But on this occasion Francis was having trouble. A group a swallows was making a racket. ‘Little Sisters,’ St Francis said, ‘no-one can hear the words of the Gospel because of your noise. Please be quiet until I have finished my sermon.’ And they were. And so were the people. They were so moved that they wanted to follow him, leave their town, and become wandering preachers like him.

‘Don’t be in a hurry,’ St Francis, ‘and don’t leave, and I’ll arrange everything for your life with God.’ So St Francis set up the Third Order, which consists of Christians who want St Francis as their guide in Christian living, but who, unlike the Brothers, live in their own homes and get married. This Third Order still exists. My wife Rae and I are members of it.

But after this sermon, St Francis set out on the road again. He saw ahead of him a vast throng of birds. There were thousands of birds, maybe tens of thousands, more than you could count, maybe more that you could make with computer graphics. In any case Francis was impressed with such a mob of birds.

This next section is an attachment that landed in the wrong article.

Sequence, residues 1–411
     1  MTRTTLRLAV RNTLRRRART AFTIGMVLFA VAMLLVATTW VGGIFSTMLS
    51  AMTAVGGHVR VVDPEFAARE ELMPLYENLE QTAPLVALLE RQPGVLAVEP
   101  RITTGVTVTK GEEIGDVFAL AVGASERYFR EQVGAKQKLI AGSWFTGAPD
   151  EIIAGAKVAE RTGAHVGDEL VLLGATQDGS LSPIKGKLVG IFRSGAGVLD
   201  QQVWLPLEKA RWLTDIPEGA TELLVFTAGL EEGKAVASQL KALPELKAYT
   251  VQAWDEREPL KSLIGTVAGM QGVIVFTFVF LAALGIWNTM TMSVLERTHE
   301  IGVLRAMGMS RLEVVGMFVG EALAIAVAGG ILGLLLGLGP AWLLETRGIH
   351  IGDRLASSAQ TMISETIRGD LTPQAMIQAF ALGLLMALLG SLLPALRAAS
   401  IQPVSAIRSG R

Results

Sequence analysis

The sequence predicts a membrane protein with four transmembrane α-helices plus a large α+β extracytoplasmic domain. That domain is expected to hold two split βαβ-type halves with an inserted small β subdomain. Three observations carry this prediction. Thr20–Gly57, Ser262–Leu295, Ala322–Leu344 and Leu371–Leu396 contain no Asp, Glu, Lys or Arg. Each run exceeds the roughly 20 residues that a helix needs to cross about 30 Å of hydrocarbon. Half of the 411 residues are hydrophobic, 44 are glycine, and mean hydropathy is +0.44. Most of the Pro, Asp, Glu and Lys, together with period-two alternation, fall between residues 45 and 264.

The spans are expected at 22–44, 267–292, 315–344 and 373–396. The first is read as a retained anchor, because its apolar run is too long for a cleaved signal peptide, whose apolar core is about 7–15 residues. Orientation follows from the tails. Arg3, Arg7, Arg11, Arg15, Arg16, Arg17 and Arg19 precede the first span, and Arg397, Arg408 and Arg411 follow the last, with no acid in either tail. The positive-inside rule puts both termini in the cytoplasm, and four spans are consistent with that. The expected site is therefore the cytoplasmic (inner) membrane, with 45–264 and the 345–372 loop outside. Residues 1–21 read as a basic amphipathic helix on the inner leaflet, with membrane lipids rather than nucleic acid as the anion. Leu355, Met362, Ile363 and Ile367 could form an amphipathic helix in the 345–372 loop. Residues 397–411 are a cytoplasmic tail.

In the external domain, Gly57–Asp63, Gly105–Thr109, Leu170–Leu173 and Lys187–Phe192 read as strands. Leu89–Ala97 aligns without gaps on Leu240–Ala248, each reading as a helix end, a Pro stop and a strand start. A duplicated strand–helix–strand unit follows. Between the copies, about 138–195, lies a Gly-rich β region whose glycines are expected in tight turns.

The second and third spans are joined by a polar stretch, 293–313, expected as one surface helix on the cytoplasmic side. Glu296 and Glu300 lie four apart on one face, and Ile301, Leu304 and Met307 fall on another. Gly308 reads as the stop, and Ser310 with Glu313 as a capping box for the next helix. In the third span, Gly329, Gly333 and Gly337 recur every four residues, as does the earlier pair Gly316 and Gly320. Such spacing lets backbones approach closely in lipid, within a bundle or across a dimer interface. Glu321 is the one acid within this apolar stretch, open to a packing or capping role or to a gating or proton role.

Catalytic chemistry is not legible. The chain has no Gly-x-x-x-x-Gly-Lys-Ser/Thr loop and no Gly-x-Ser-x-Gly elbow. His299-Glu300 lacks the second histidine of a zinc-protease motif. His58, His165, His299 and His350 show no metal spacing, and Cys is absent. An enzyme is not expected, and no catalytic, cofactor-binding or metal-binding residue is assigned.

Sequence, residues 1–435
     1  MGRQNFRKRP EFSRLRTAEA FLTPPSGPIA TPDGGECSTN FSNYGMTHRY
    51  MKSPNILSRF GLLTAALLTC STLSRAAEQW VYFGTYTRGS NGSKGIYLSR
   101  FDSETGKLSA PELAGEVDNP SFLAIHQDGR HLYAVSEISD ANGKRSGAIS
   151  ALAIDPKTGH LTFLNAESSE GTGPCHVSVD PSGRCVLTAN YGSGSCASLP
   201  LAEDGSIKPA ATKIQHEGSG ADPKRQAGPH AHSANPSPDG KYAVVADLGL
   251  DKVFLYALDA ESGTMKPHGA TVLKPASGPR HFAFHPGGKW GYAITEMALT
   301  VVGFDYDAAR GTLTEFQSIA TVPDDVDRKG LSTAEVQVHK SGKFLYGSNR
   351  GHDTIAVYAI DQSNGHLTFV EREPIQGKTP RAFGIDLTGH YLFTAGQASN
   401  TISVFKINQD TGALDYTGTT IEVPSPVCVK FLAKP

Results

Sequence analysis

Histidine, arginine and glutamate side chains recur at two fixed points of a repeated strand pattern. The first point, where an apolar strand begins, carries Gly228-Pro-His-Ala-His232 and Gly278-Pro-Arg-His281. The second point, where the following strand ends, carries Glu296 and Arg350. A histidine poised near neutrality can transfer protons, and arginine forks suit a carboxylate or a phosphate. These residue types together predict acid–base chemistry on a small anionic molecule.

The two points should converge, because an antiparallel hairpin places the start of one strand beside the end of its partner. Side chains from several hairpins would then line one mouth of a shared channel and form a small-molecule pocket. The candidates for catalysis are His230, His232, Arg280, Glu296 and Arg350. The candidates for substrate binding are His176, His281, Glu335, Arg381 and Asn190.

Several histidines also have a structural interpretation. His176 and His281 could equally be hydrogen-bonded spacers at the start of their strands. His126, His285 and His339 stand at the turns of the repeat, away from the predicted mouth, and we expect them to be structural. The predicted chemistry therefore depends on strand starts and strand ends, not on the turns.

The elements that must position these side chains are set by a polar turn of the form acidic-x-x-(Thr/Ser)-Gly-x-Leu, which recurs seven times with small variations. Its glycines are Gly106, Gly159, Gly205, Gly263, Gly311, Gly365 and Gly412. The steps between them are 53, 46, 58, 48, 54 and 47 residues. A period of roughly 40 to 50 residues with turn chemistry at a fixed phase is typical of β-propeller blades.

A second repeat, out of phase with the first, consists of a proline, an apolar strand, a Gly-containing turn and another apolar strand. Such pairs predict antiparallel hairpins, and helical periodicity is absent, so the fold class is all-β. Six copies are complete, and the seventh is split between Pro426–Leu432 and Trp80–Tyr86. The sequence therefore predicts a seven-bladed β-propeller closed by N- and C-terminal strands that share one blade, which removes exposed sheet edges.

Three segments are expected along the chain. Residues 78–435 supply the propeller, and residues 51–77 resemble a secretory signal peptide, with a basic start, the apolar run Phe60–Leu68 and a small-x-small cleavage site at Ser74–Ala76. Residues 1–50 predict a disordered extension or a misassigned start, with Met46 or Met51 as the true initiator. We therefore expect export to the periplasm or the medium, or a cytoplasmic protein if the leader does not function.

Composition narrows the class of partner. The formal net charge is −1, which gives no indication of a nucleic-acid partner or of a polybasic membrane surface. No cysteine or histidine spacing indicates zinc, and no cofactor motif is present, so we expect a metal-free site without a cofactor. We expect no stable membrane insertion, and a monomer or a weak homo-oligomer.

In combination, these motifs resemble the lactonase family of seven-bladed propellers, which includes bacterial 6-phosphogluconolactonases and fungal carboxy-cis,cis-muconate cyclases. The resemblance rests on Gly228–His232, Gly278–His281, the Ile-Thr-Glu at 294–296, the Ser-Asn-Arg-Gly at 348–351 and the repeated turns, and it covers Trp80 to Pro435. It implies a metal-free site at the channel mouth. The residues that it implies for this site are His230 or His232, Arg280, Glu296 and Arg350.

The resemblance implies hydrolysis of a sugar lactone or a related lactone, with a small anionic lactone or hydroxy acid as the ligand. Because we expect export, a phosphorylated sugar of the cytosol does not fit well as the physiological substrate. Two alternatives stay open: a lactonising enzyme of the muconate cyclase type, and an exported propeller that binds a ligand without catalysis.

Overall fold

He told his companions to stop while he went ahead to preach, this time to the birds. He told this huge crowd of birds how much God loved them, because God had created them. He told them how thankful they should be for being able to fly and for being well insulated with two or three layers of feathers. They also should thank God for the air to fly in, and for the fact that they didn’t need crops to live. ‘You don’t sow or reap, and God feeds you and gives you the rivers and springs to drink, and trees and high mountains to make safe nests.’

The birds then opened their beaks and stretched their necks and reverently bent their heads to the ground. Their singing and movement showed St Francis how much they’d understood.

St Francis then made the sign of the Cross and let them leave. They followed the Cross Francis had signed. Some went to the north, some to the south, others to the west, the rest to the east. They sang magnificent songs, marvellous songs, as they flew off.